What's the correct usage when you're referring to people that could be either gender?
The exclusionary tradition was "he/his" regardless of whether or not it referred to something that included women.
Some people suggested using only "she/her" for a hundred years or so to even the score but that didn't catch on.
The grammatically correct "he or she, his or her" works but can get awkward when required too often in the same sentence: "When a student leaves for college, his or her parents can be upset about his or her departure and miss him or her dreadfully." (OK, there are less clumsy ways to say that, but you get the idea.)
Some writers alternate, using "he/his" in one sentence and "she/her" in the next. Not great because you tend to make a mental picture of the first person referred to and it feels a bit strange when the next sentence refers to a person of a different gender.
Often the plural is a good solution: "When students leave for college, their parents..."
Even when referring to one person some writers use they/their: "When a student leaves for college, their parents..." To folks who were brought up to think of "they/their" as always plural this is jarring but this solution is gaining on the others.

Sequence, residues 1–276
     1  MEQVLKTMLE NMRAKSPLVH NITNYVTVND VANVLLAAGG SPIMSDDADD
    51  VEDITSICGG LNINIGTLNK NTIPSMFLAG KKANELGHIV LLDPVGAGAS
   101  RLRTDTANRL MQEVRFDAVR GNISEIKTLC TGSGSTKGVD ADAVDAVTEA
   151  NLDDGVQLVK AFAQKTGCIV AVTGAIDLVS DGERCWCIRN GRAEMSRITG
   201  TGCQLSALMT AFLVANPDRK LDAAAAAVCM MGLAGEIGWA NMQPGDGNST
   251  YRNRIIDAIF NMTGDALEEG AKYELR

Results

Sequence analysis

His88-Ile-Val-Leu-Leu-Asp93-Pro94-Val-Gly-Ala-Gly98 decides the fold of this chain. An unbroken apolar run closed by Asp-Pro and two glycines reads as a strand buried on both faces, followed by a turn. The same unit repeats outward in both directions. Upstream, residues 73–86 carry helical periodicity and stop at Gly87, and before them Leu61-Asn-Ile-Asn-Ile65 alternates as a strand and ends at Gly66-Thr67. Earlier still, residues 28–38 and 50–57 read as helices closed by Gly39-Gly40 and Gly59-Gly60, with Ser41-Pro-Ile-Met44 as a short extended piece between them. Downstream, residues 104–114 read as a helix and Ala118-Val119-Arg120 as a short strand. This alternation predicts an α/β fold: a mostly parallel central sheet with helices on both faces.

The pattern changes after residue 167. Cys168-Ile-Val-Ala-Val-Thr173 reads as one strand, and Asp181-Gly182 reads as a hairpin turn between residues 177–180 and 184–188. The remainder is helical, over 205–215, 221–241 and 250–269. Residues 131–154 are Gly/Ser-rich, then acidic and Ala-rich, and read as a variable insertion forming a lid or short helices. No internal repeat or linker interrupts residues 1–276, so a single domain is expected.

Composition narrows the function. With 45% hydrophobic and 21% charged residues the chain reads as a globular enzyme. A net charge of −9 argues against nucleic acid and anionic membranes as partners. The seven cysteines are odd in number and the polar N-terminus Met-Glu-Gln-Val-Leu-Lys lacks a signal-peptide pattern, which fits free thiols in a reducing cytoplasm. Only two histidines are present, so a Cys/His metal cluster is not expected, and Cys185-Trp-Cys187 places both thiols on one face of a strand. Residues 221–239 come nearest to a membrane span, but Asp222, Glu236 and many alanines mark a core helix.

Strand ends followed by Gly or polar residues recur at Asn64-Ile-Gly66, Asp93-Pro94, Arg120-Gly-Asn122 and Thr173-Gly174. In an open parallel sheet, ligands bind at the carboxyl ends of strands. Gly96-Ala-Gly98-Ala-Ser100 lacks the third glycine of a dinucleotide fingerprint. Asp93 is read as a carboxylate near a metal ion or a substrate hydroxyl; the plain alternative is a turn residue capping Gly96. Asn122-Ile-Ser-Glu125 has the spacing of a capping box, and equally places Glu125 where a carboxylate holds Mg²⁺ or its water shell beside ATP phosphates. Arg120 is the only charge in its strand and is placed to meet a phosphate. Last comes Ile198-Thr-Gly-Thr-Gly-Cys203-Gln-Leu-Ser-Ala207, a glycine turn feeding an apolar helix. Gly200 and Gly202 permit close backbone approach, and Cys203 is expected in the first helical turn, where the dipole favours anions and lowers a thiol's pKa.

Whichever one you choose, the important thing is to be consistent, unlike this example from a USA Today article by Mark Saltzman:
"No one wants his tech running out of steam before they do."
He starts out with "his" and switches to "they," which is especially confusing here because, reading quickly, it sounds like "they" could refer to "tech" as well.
Another sentence from the same article confirms that USA Today is sticking with their "we don't bother to edit columns" policy:
"If interested, the app also synchs audio at the same time as your notes, perhaps recording what the teacher or professor is saying."
What gets the app interested? And when something synchs with something else, "at the same time" is by definition. The "perhaps" makes it sound like the app may or may not decide to record what the professor is saying. I guess it depends on its mood.
I'm not trying to be overly hard on Mr. Saltzman--I'm sure he could find lots of errors on this blog--but when something goes out in the name of a national newspaper (even a newspaper-lite like USA Today) you'd think they'd have an editor give it at least a quick look.